Volatility is Bad for Your Wealth


In financial planning, it is common to perform monte-carlo simulations, where potential wealth paths are projected into the future. Evaluating the average wealth path, however, may be highly misleading for setting expectations. In fact, if we only evaluate the average path, we find a somewhat counter-intuitive result: volatility doesn’t matter at all. However, because investors can only try to average their outcomes over time, and because wealth is a compounding process, it is not the average result that wealth converges towards, but rather the median. Volatility is a drag on the median outcome, aligning with our intuition that excessive volatility is dangerous to our long-term wealth.

Key Topics

Compound Growth, Volatility

The Misleading Mean

In the world of bell-curves and normal distributions, we typically expect experiences to be clustered around the average.  For example, there are more people close to the average height than there are far away.  In many cases, however, the so-called “average” can be entirely misleading for the experience you can expect.

Wealth distribution is a perfect example of this.  According to the World Inequality Database, in 2021 in the United States, the top 1% of families held 35.3% of the wealth while the bottom 50% held 0.3%.  If we take the aggregate net worth and divide by the number of adults, we arrive at an average around $500,000 per person.  Adults in the bottom 50%, however, had a net worth closer to $14,500.

In other words, if you pick a random person off the street, their experience is likely much closer to $14,500 than $500,000.  It’s the wealthy outliers that are pulling the average up.  Way up.  A more applicable metric, in this case, might be the median, which will say, “50% of experiences are below this level and 50% are above.”

And this makes some intuitive sense.  Wealth has (for the most part) a lower bound at $0 but no real upper bound.  The asymmetry allows the average to be very different than the median experience.

But when it comes to our own financial planning, which do we care about?

You Are Not a Monte-Carlo Simulation

The problem with running a simulation and talking about the average result is that we do not get to live the average path; we live a single path.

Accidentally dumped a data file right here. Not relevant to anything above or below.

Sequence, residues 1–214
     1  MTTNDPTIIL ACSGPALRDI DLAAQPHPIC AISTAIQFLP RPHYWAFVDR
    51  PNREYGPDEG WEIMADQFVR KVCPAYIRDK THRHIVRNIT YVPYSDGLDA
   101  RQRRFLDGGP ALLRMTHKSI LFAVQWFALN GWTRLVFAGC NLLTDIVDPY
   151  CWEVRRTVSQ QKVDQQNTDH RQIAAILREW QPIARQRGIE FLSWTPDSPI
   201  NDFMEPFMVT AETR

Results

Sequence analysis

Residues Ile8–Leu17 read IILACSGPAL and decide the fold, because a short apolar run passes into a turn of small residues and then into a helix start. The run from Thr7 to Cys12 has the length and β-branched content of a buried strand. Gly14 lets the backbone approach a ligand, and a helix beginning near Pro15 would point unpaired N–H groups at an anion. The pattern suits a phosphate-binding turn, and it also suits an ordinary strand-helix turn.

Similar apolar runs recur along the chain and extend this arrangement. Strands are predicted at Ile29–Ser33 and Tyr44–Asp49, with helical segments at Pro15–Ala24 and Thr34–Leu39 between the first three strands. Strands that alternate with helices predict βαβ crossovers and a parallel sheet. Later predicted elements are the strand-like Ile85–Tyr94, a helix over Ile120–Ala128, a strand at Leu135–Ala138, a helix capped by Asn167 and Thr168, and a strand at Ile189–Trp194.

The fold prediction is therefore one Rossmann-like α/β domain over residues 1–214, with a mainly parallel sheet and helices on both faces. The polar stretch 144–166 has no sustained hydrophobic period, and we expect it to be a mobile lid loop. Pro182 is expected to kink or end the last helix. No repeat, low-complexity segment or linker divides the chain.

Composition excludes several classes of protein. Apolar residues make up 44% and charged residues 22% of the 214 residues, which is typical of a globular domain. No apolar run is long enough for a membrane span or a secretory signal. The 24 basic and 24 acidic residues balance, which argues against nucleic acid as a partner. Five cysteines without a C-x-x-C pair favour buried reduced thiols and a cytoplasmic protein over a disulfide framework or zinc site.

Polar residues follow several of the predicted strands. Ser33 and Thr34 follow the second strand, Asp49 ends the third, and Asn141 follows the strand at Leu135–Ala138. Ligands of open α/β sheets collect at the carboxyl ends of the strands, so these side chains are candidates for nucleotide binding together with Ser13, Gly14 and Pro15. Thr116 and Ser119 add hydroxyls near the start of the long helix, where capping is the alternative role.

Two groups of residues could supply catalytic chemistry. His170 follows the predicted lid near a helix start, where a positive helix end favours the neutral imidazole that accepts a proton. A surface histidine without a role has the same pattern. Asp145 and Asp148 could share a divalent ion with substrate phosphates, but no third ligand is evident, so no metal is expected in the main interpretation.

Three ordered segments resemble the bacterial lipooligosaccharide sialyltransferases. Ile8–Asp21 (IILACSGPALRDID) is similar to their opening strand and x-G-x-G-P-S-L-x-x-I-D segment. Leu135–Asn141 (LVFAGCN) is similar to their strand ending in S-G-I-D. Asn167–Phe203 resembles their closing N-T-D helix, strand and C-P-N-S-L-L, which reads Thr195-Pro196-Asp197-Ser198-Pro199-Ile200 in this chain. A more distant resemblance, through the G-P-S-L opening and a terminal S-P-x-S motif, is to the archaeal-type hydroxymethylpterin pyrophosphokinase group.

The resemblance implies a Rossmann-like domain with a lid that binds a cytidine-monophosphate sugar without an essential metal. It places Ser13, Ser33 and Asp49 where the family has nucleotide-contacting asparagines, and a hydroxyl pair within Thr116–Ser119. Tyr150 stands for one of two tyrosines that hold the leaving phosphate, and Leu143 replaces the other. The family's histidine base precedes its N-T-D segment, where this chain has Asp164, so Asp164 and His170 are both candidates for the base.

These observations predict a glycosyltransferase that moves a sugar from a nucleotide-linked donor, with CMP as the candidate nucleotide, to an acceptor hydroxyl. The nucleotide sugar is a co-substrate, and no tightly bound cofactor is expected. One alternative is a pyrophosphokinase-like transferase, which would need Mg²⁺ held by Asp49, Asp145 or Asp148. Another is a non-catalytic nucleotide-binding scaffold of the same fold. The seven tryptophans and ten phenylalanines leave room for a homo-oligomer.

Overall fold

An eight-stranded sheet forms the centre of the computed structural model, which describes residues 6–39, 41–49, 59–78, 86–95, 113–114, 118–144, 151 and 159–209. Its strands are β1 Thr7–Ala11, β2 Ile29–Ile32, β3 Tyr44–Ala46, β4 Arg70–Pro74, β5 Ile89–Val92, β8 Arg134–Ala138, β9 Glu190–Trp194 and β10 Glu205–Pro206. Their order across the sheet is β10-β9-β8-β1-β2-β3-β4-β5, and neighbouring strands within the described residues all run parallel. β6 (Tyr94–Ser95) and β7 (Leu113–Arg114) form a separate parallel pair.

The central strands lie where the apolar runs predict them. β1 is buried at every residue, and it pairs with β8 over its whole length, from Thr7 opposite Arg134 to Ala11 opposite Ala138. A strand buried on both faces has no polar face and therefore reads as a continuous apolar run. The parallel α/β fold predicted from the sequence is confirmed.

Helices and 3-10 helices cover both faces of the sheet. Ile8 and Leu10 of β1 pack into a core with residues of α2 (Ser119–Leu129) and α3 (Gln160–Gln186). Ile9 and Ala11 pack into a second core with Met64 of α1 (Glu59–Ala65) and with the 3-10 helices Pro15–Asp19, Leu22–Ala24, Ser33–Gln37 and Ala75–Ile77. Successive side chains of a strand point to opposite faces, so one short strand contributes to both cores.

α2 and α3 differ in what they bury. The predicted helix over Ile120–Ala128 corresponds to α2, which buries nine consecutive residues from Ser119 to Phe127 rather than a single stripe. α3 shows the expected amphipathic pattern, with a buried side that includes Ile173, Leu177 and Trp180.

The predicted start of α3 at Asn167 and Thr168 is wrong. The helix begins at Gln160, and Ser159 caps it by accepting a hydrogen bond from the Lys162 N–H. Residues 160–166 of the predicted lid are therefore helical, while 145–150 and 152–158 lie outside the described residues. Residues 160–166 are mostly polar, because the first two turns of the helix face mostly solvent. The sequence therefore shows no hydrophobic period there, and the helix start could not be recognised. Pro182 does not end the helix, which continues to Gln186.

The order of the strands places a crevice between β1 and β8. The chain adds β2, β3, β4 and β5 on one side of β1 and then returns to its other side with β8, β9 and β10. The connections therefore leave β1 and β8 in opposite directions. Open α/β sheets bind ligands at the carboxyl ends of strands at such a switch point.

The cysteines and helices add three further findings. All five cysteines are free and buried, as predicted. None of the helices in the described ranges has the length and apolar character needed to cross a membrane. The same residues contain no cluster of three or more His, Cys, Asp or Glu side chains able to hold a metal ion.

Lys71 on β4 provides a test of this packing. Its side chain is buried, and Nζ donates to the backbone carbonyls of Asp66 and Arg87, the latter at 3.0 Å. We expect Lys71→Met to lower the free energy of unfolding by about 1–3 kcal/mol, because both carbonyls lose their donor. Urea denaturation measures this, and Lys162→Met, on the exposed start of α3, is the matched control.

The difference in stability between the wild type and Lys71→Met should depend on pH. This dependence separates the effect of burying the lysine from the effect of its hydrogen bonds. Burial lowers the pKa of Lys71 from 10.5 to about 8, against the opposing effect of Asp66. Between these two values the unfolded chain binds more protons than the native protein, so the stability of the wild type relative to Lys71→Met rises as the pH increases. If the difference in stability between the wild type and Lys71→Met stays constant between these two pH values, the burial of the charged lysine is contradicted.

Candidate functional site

Under this context, risk aversion is not so foolish.  If we have our arm mauled off by a lion on the African veldt, we cannot simply “average” our experience across the infinite universes of other potential outcomes where we may still have our limb. Rather, our state is permanently altered for life.

Similarly, if we lose 50% of our money on a bad investment, we cannot simply average our results across the multiverse of alternative selves who may not have lost theirs.  The best we can do is try to average our results over time on our one, singular path.

When you average over time, choices compound.  And when choices compound, so does risk.

Figure 1: The Multiverse

Compounding at the Median

The impact of compounding means that volatility matters.  Many investors may already be familiar with this idea under the name volatility drag or variance drain.  The idea can be illustrated with a simple example.  Consider the case where an investment goes up 100% on the first day and down 50% on the second day.  The average return over the two days is 25%, but the compound return is 0%.

For less extreme examples, a larger number of periods is required for the effect to materialize.  Regardless, the effect remains the same: volatility drives a wedge between average and compound.  Consider these simple two-period examples:

Year 1 Year 2 Average Compound Rate
+10% +10% +10% +10.0%
+15% +5% +10% +9.9%
+30% -10% +10% +8.2%
+50% -30% +10% +2.5%

In all four cases, the average return is 10%.  However, as the volatility of the returns increases, the compound growth rate declines.  Volatility pushes the compound rate further and further from the average.

Why do we care?  Wealth is a compounding process, which means we do not expect our wealth to converge upon the average result over time, but rather the median result.